For instance, an initial version of the train set did not contain any images with waterways, and only after competitors pointed that out, the organizers moved two images of rivers from the test into the train set. One can see that this particular class was still under-represented in the train set compared to the public and the private test sets. As a result simple unsupervised methods for water classes worked better than neural network approaches.

It is also important to mention that when train and test sets are relatively different those that participated in the competition after results on the Private Leaderboard are released change their standing a lot (in this problem participants in the middle of the Leaderboard easily moved +- 100 places). And those that did not, as usual, claimed that participants are overfitters that do not understand machine learning and do not know how to perform cross validation properly.

Second idea: water classes

These days for the most of the computer vision problems neural networks are the most promising approach. What other methods can one use for the satellite image segmentation? Deep Learning became popular only in the last few years, and people have worked with satellite images for a much longer time. We discussed this problem with former and current employees of Orbital Insight and Descartes Labs plus we read a ton of literature on the subject. Apparently fact that we have infrared and other channels from non-optical frequency range allows to identify some classes purely from the pixel values, without any contextual information. Using this approach, the best results were obtained for water and vegetation classes.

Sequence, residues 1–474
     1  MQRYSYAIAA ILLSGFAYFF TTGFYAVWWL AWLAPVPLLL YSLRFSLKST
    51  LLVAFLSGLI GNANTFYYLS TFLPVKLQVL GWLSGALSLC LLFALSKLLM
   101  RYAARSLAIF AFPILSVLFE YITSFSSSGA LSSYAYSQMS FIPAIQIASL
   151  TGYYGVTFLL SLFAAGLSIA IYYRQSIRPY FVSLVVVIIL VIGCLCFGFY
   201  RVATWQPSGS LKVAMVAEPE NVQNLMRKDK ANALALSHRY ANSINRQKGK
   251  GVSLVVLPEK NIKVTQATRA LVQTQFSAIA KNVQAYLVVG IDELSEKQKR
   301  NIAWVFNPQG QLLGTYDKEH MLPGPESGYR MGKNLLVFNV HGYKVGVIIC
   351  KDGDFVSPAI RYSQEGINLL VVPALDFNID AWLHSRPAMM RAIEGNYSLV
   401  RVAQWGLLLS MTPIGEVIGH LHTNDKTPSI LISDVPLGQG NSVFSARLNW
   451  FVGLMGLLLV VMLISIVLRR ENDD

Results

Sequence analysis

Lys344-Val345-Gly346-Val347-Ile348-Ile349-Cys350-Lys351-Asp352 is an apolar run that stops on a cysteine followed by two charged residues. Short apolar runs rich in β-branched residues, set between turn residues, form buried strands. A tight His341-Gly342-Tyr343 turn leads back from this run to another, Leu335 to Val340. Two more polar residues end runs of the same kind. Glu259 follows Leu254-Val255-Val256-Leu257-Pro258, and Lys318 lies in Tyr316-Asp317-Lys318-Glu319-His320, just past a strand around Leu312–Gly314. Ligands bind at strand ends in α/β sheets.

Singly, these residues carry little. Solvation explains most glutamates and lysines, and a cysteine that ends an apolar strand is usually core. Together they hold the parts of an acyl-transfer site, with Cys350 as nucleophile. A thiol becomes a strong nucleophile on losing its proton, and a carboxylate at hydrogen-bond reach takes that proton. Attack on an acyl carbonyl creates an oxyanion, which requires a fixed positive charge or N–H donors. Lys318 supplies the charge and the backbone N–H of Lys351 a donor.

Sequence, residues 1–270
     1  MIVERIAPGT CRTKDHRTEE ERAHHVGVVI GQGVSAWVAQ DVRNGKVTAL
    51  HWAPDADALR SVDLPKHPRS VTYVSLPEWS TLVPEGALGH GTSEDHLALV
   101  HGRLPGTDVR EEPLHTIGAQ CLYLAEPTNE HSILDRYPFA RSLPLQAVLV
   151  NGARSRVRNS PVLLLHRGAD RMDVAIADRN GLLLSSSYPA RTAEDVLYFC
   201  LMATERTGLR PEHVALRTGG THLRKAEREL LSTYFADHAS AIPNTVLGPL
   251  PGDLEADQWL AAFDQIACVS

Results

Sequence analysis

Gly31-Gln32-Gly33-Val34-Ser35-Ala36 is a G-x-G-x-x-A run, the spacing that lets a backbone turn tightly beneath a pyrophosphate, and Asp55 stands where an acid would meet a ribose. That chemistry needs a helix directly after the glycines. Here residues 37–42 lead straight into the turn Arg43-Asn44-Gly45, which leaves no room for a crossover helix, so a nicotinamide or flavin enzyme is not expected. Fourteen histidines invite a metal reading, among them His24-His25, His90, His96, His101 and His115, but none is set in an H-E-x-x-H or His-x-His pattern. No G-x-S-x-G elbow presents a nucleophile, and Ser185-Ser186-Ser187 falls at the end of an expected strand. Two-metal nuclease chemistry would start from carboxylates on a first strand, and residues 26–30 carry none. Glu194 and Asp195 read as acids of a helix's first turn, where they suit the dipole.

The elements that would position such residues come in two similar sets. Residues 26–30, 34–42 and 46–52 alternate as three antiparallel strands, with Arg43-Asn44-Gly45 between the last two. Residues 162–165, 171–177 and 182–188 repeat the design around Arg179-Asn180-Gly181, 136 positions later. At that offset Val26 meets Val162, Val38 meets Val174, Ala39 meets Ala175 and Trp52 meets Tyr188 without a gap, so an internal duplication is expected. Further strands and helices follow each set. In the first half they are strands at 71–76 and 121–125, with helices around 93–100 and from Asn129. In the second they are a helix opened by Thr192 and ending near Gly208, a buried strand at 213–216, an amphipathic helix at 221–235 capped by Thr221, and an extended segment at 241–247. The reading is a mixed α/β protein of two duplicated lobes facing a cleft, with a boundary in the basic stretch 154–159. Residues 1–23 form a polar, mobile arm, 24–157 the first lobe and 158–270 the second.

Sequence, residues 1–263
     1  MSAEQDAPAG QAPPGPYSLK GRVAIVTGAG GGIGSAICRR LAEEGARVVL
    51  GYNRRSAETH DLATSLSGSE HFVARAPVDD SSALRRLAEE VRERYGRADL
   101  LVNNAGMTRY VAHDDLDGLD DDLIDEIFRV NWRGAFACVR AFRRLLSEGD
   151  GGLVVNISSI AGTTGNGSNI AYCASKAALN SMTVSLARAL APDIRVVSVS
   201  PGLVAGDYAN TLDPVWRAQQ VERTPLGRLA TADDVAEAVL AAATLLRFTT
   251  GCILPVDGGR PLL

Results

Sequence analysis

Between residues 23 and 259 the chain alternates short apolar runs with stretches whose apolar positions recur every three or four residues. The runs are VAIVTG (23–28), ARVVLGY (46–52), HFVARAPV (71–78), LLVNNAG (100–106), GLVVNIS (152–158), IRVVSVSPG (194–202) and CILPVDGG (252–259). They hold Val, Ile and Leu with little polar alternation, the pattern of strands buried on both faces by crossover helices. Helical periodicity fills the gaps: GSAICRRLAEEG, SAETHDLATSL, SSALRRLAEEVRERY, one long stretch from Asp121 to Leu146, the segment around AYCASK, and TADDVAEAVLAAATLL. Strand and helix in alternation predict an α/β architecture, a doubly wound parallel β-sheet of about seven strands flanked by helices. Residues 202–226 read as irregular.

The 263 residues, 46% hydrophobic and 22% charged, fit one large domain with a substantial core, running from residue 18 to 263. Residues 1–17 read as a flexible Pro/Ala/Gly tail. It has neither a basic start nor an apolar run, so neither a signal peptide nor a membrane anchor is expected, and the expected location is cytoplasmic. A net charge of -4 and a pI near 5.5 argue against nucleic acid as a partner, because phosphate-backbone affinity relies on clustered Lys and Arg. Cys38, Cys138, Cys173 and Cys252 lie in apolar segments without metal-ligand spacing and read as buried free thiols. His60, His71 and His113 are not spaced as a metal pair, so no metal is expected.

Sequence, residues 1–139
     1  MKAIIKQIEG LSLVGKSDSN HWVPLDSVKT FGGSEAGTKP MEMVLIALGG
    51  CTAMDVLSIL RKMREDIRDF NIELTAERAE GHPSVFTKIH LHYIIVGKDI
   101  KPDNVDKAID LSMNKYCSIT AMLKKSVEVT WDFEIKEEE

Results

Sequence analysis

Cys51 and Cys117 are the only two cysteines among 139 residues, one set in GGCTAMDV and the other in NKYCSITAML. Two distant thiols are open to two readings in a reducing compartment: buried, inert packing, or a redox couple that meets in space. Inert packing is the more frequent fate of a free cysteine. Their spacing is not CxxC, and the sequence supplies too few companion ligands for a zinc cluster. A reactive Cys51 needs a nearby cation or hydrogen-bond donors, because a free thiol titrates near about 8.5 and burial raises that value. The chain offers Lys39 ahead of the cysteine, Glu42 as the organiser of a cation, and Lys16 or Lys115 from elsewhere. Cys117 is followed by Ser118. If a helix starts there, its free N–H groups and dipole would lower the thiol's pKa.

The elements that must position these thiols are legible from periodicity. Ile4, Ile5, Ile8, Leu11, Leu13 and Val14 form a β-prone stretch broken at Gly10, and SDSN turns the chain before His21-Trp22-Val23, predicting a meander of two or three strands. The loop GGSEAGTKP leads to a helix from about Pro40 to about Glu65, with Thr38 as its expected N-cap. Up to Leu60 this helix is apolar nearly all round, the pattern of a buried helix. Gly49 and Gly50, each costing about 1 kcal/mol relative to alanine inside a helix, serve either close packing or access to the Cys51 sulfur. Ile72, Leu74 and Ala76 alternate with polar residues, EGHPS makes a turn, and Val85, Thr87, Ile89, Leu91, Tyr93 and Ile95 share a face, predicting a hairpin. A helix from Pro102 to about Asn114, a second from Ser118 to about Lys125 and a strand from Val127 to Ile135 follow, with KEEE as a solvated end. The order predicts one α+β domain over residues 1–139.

For instance, in our final solution both water classes were segmented using NDWI, which is just a ratio of the difference and sum of the pixel values in the green and infrared channels.

This image demonstrates high intensity values for waterways, but it also shows false positives on some buildings — perhaps due to the relative similarity of the specific heat of metal roofs and water.

We expected a deep learning approach to perform as well as or even better than index thresholding and, in vegetation prediction, neural networks did indeed outperform indices. However, we found that indices allow us to achieve better results for under-represented classes such as waterways and standing water. In the provided images, ponds were smaller than rivers, so we additionally thresholded our predictions by area of water body to distinguish waterways from standing water.